But equally, the sense among eloquent HDV-sympathetic voices such as Shelter and Dave Hill that it may be the ‘only game in town’ for new development makes me uneasy too. With the best of intentions, this was a similar line of reasoning to the one that led to deeply flawed PFI schemes being deployed by New Labour on a large scale. And a submission from a professor at the UCL School of Planning noted that in light of the potential risks of the HDV, consideration should be given to costs of action as well as inaction and a more piecemeal approach to development could be favoured. Essentially, amidst its sincere zeal for radical change, the HDV can be critiqued as insufficiently considered in its means, a concern the Fabian centre-left often rightly raises about Corbynite plans too.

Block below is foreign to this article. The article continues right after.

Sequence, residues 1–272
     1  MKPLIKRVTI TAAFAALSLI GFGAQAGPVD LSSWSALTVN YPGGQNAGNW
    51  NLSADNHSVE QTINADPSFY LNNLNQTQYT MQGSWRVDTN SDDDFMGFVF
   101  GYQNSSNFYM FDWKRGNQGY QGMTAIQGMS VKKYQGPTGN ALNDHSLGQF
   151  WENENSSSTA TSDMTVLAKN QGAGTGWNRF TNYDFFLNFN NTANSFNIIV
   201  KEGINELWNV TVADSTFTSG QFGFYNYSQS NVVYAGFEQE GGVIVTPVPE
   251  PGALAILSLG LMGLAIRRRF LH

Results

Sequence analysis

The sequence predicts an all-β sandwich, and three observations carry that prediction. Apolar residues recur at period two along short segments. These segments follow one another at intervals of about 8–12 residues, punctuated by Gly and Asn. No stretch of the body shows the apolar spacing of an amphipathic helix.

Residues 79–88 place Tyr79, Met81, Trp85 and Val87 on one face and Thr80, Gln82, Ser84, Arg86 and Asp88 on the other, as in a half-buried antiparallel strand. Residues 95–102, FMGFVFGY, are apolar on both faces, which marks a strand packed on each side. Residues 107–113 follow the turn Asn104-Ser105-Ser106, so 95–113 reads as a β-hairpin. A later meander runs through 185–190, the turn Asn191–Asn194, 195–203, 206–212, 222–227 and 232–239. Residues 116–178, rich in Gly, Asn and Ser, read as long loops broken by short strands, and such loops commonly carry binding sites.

But I digress, as for those of us outside of Haringey the battle over HDV mostly isn’t about HDV at all. From afar for Corbynites, it loosely represents a triumph of people power over “Blairite” public-private partnerships and outsourcing, concerns given rocket-boosters by the recent collapse of Carillion. For the party right, the headline was Momentum manoeuvring. The truth seems to be a bit of both. Hard-left attempts to downplay Momentum involvement in the deselections seem a bit daft, but Momentum were only jumping on a bandwagon and as Stephen Bush emphasised, this is why deselections on the same scale haven’t been seen elsewhere. Similarly although they cleaned up in the NEC elections (on a low turnout), LabourList noted Momentum’s reach largely hasn’t extended to securing parliamentary selections for its favoured candidates.